Tag Archives: Hammer Museum


I know a lot about alienation… I think all women filmmakers are aware of it. It was the subject of a lot of the conversations I had with Maya Deren. We agreed that we were always going to present a united front to the world…

I would not have been able to make THE COOL WORLD had I not been living with Carl Lee at that time. It took Carl three months of going up to Harlem all the time, gathering kids, and bringing them down for us to interview… The “good” kids in school weren’t giving us believable readings… I finally persuaded Carl to try to get to the gangs, [and] it was very exciting because the “real” kids started improvising the script we had written right back to us.Shirley Clarke

As part of the UCLA Film and Television Archive series American Neorealism, Part One—1948–1984, Clarke’s THE COOL WORLD will screen at the Billy Wilder Theater, Hammer Museum this weekend on a double bill with Michael Roemer’s Nothing But a Man.

Frederick Wiseman produced THE COOL WORLD, and the jazz score is by Mal Waldron, with Dizzy Gillespie on the soundtrack.


Saturday, January 18, at 7:30 pm.

Billy Wilder Theater—Hammer Museum

10899 Wilshire Boulevard, Los Angeles.

Shirley Clarke, The Cool World (1964). Film stills and (above) photographs of Clarke on set and with composer Mal Waldron. Images courtesy the filmmaker’s estate, the actors, the producers, and the distributors.


As part part of LA Opera’s Eurydice Found program celebrating the world premiere of Matthew Aucoin and Sarah Ruhl’s opera Eurydice, the Hammer Museum will screen BLACK ORPHEUS, Marcel Camus’ bossa nova take on the myth. (The film’s score is by Antônio Carlos Jobim and Luis Bonfá.)


Wednesday, January 15, at 7:30 pm.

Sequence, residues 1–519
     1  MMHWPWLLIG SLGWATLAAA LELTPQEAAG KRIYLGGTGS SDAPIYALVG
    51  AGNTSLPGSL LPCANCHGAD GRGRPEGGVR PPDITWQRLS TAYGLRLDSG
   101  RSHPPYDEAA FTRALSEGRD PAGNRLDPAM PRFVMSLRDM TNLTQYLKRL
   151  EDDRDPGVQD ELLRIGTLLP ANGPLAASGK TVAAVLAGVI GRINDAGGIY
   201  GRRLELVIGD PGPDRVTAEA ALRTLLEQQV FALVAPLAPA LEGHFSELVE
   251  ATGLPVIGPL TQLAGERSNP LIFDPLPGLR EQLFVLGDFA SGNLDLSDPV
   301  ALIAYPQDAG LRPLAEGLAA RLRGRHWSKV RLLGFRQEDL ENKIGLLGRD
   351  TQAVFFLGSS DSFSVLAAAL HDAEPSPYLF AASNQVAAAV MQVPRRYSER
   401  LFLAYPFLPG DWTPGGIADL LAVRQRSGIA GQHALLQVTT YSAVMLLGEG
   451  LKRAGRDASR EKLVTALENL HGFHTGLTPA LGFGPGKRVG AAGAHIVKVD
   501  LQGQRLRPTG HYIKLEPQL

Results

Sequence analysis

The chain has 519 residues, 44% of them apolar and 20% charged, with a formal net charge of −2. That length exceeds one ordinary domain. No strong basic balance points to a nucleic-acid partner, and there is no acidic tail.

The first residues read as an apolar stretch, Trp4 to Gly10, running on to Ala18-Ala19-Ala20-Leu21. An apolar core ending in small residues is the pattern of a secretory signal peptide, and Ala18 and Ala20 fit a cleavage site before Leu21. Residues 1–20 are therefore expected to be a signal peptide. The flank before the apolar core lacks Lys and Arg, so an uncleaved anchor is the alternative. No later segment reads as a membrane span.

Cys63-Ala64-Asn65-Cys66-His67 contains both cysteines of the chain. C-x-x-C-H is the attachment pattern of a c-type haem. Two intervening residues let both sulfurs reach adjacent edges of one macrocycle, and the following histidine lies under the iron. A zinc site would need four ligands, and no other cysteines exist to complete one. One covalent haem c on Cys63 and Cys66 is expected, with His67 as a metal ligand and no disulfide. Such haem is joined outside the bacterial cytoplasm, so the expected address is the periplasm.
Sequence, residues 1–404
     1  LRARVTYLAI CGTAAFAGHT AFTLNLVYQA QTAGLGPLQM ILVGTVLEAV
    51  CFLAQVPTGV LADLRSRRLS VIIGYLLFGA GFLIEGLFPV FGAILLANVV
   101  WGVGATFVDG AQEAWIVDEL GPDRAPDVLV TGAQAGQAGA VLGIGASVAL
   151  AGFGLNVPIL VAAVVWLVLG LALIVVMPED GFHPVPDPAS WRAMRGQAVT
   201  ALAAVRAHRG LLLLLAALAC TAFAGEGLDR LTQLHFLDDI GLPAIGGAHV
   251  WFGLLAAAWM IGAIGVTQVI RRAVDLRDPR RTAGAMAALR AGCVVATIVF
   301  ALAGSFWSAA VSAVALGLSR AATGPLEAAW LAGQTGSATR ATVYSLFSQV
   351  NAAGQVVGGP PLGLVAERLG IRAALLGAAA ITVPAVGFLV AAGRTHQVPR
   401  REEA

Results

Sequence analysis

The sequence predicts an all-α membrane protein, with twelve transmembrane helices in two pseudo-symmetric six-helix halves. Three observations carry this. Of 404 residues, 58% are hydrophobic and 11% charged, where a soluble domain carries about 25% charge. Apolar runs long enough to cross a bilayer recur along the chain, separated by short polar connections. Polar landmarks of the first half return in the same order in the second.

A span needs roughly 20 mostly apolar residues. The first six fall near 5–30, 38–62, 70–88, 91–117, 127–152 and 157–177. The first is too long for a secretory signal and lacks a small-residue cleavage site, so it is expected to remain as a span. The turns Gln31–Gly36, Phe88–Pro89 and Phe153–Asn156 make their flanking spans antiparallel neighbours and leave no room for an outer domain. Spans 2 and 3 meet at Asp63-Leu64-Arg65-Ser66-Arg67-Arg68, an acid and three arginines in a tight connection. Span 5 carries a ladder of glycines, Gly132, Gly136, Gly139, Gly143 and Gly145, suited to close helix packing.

Hammer Museum—Billy Wilder Theater

10899 Wilshire Boulevard.

Marcel Camus, Black Orpheus (1959), from top; Marpessa Dawn as Eurydice and Breno Mello as Orpheus; French poster; Dawn; Black Orpheus carnaval do Brasil scene. Images courtesy and © the actors, photographers, producers.


At the Hammer Museum on Tuesday, Ernest Hardy, Jonathan Lethem, Andy Spade, and Linda Yablonsky will read from INTELLIGENCE FOR DUMMIES, the final book of essays and other writings by the late editor and author Glenn O’Brien.

Following the readings, Yablonsky and the book’s publisher Michael Zilkha will participate in a conversation and Q & A.


Tuesday, January 14, at 7:30 pm.

Hammer Museum

10899 Wilshire Boulevard, Los Angeles.

From top: Glenn O’Brien, PARIS LA 15 (2017); O’Brien (left) and Mick Jones of The Clash on O’Brien’s TV Party in the 1970s, photograph by Kate Simon; Dash Snow (left) and O’Brien at Margiela show, Paris, September 2008, photograph by Tamara Weber; O’Brien, Intelligence for Dummies: Essays and Other Collected Writings (2019), ZE Books; O’Brien, editor, The Cool School: Writing from America’s Hip Underground, Library of America; O’Brien. Images courtesy and © the author’s estate, the photographers, the publishers, and the Hammer Museum.


Ibram X. Kendi—author of Stamped From the Beginning—will be at the Hammer Museum to discuss his new book HOW TO BE AN ANTIRACIST.

Kendi is the director of the Antiracist Research and Policy Center at American University in Washington, D.C.


Wednesday, January 8, at 7:30 pm.

Hammer Museum

10899 Wilshire Boulevard, Los Angeles.

From top: Ibram X. Kendi; Kendi, How to Be an Antiracist cover (Random House); Kendi, Stamped from the Beginning cover (Hachette). Images courtesy and © the author, the publishers, and the Hammer Museum.


THE REPORT—written and directed by Scott Z. Burns—will screen during the first week of the MoMA Contenders 2019 series at the Hammer Museum. Burns will be on hand for a Q & A following the screening.

Featuring Adam Driver as a Senate committee investigator and Annette Bening as his boss—senior California Senator Dianne FeinsteinTHE REPORT is essential viewing for anyone even remotely curious about how government agencies tasked to protect the country often bungle the job in a morass of startling incompetence, territorial pride, political self-dealing, and ideological zealotry.

Burns’ lucid script and mise-en-scène tell the story of the Bush-Cheney Administration’s illegal, inept torture program following 9/11 and its aftermath—a decade and a half of discovery, investigation, destroyed documents, and thwarted oversight.

Tickets for the MoMA Contenders series are $20 general and $10 for Hammer Museum members.

THE REPORT with Scott Z. Burns

Tuesday, December 3, at 7:30 pm.

Billy Wilder Theater—Hammer Museum

10899 Wilshire Boulevard, Los Angeles.

Scott Z. Burns, The Report (2019), from top: Adam Driver and Linda Powell; Annette Bening, photograph by Atsushi Nishijima, courtesy of the Sundance Institute; American poster; Jon Hamm; Bening and Driver. Images courtesy and © the filmmaker, the actors, the photographers, and Amazon Studios.